This Italianate-style brownstone overlooking Troy's Washington Park is opulent and massive. Standing at 9,576 square-foot, it has ornate cornices, woodwork, mantels, and medallions throughout. The home's grandeur even served as a backdrop for the 1993 Martin Scorsese's feature film "The Age of Innocence."

Uri Gilbert, the former mayor of Troy, once owned this mansion. Gilbert was a stagecoach and railway car manufacturer who hired Charles Nalle as a coachman. Nalle, a fugitive slave, was captured and later rescued by Harriet Tubman.

The Main house has 26 rooms total, including six bedrooms and six bathrooms. The building stands more than 55 feet wide. Upon entering the home, visitors will see a jaw dropping living room/ballroom that's more than 40 feet long with elaborate carved crown moldings and a 13-foot decorative ceiling with a crystal-bead chandelier. There's unique parquet and inlay flooring throughout the mansion, giving each room its own intricate design.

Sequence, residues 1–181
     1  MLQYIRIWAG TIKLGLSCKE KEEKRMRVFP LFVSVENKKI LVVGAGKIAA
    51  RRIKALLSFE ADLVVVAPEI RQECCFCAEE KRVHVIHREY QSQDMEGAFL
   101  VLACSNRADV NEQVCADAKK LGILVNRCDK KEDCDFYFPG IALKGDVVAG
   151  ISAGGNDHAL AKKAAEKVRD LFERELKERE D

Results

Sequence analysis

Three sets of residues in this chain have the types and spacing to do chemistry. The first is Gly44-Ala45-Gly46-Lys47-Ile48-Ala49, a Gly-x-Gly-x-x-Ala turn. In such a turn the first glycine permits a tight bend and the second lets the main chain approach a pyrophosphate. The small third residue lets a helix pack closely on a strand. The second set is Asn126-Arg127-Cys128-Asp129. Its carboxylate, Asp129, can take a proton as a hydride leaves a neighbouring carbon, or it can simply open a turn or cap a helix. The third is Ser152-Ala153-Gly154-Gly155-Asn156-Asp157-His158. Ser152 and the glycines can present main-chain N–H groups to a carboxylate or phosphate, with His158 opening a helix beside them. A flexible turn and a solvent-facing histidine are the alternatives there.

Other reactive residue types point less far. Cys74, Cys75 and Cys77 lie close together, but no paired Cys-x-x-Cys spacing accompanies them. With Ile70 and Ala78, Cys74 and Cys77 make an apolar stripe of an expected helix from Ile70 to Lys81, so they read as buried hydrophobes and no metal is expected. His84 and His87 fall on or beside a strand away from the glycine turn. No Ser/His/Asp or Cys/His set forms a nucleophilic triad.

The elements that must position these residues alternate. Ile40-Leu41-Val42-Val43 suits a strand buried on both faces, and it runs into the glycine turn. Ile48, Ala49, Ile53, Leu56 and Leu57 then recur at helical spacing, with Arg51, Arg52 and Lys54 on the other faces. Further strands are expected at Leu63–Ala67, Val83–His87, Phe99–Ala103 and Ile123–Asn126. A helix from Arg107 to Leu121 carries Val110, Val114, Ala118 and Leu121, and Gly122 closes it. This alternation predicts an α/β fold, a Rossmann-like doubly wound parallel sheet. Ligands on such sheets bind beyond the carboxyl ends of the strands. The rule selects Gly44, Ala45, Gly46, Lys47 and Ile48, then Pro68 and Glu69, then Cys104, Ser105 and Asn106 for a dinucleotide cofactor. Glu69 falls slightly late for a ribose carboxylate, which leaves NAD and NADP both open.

This home also has an in-law suite, a top floor apartment, garden apartment, and Carriage House loft apartment.

The house faces Washington Park, one of three privately owned urban parks in New York state (the others being Gramercy Park in Manhattan and Sunnyside Gardens Park in Queens).

From 1965 to 1999, the building served as the Arts Center of the Capital Region and its main floor was used as a gallery. In 2001, it became the Vanguard Designer Show house, hence some of the walls still have murals that were painted for the occasion.

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